This circuit is another must-have for all calculators. Binary subtractor (as you can guess from its name) can subtract two binary numbers.
You can have some problems when you will try to build and use a subtractor -
- There are two types of subtractors - half and full. Both can subtract just two numbers (0,1), but full subtractor (unlike the half) can be connected to another full subtractor, whitch can operate with the 1st subtractor's output. That means you can subtract more numbers when you have more full subtractors. Each new subtractor will add you one bit (read bellow)
- Subtractors (doesn't matter if half or full) are using binary code, so it can be confusing to work with them. Binary code uses just 0 and 1, so you can write a number in binary using just switches (ON=1, OFF=0).
- Binary code uses bits (you can image a bit as a place reserved for 0 or 1). Each connected full subtractor will add one more bit. The numbers you can subtract are limited by the number of bits.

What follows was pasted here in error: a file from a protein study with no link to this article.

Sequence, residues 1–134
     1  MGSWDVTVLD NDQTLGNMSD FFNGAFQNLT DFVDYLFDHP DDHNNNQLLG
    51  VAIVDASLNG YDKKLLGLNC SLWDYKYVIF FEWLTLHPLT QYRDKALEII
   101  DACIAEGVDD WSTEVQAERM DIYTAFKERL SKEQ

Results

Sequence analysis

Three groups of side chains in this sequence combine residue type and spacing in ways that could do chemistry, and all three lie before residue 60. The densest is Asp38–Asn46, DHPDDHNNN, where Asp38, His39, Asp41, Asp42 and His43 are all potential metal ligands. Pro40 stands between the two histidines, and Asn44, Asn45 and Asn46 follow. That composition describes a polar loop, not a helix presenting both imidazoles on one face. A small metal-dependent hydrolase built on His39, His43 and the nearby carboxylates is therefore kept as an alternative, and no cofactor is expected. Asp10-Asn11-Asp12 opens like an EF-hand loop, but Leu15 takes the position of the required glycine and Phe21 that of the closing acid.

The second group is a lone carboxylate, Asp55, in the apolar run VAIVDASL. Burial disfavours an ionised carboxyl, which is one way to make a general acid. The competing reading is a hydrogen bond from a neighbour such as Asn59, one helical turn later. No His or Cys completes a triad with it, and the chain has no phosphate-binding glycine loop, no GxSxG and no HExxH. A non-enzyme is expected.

If you want to build up one for yourself, you can look at this scheme -
A stands for minuend input, B stands for subtrahend input, BORin and BORout stand for connecting with previous/next full subtractor, D stands for output
Or you can download this world file and test it yourself - Binary Calculator world file
Tutorial for our worldEdit
The subtractor is on the right side and it's labeled, so it won't be problem to find it.
If you want to use it, don't forget these things -
- The subtractor has two lines of switches. The first line represents minuend and the second line represents subtrahend. Like on this picture -
- Our subtractor has just 4 bits, so the max number you can get from it is 15 (15-0)
- It subtracts in real time, so please don't let the diodes interrupt you. You should look at them after finishing writing the numbers.